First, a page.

Senior Reflection: High school taught us to play (and win) the game


Submitted Paul Probst

Paul Probst

The last four years have been full of personal growth and development. As I progressed it was difficult to see what I was picking up along the way, but looking back there are some definite lessons that I learned from my experiences at Algonquin.

There are obvious paths to success that we all know (like getting good grades), but I found that to stand out I had to be situationally aware and proactively look for unique opportunities around me. When I was willing to take unconventional paths and take risks I was able to enter the cycle of failure and learning that eventually lead me to my accomplishments.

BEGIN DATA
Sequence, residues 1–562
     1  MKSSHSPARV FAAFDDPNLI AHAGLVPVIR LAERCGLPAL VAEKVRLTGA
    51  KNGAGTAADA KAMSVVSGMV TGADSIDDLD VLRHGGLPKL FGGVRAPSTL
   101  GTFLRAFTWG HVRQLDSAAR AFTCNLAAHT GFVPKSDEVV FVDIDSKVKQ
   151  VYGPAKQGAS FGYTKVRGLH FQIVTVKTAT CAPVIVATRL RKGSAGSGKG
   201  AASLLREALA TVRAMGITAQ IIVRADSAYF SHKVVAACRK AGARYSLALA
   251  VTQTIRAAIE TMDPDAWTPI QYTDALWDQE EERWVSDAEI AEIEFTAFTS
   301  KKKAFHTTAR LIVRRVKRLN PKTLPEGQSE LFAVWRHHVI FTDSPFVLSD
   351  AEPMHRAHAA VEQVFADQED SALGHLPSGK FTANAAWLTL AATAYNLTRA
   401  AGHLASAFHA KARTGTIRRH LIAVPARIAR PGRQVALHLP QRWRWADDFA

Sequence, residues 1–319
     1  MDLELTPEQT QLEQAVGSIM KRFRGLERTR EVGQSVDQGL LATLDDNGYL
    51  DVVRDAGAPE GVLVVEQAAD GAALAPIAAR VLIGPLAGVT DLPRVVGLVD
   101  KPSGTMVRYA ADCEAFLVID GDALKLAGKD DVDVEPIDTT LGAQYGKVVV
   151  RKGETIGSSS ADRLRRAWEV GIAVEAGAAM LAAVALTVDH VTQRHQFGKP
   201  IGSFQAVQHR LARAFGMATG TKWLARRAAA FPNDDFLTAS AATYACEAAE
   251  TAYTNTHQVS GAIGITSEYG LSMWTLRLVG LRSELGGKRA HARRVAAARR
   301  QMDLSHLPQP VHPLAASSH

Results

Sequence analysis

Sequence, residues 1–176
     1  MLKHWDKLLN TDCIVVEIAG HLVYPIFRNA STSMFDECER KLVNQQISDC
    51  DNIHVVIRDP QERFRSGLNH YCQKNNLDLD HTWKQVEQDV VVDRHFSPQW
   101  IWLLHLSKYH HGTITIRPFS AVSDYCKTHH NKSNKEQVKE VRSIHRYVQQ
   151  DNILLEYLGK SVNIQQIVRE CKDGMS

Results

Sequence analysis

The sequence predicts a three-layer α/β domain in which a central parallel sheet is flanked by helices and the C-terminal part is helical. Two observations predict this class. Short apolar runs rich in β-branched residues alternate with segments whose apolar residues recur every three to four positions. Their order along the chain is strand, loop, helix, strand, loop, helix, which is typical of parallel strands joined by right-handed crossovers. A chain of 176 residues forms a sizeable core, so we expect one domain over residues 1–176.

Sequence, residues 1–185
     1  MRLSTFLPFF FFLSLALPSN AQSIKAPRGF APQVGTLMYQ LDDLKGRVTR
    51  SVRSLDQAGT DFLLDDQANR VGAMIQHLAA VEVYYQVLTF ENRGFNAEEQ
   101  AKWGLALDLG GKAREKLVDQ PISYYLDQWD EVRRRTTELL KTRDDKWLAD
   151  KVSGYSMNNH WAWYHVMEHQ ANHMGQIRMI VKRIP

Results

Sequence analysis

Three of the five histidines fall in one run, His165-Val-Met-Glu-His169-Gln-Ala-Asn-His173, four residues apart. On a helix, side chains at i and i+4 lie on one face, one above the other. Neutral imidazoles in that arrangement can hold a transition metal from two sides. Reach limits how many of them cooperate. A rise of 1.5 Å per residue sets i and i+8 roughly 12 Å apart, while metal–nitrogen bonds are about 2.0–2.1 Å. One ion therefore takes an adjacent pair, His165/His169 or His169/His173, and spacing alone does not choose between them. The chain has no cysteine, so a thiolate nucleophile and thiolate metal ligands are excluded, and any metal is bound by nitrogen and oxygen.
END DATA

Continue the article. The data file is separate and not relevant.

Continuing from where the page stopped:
I’ve always valued hard work and think it’s absolutely essential to any achievement. I’ve learned that pure effort, however, is not the only ingredient to success: we need to be strategic in where our effort is placed. Learning to differentiate between tasks that required my full effort and those that weren’t as important saved me a lot of time and energy that I could then rededicate to other endeavors.

I’ve observed that those that are willing to embrace responsibility and accountability always come out ahead of those that are more carefree with their lives. Taking ownership of ourselves and our actions is challenging and risky, but that’s the only way we’ll be able to make any real progress.

And finally: the world can be a nasty place and being constantly courteous and kind to everyone we interact with is hard. Even though it’s an extremely difficult exercise in self-control, the genuine respect that’s earned in return for our kindness is one of the most invaluable rewards that we can receive. I firmly believe our benevolence doesn’t just benefit those around us; there are real and tangible benefits that we too can enjoy.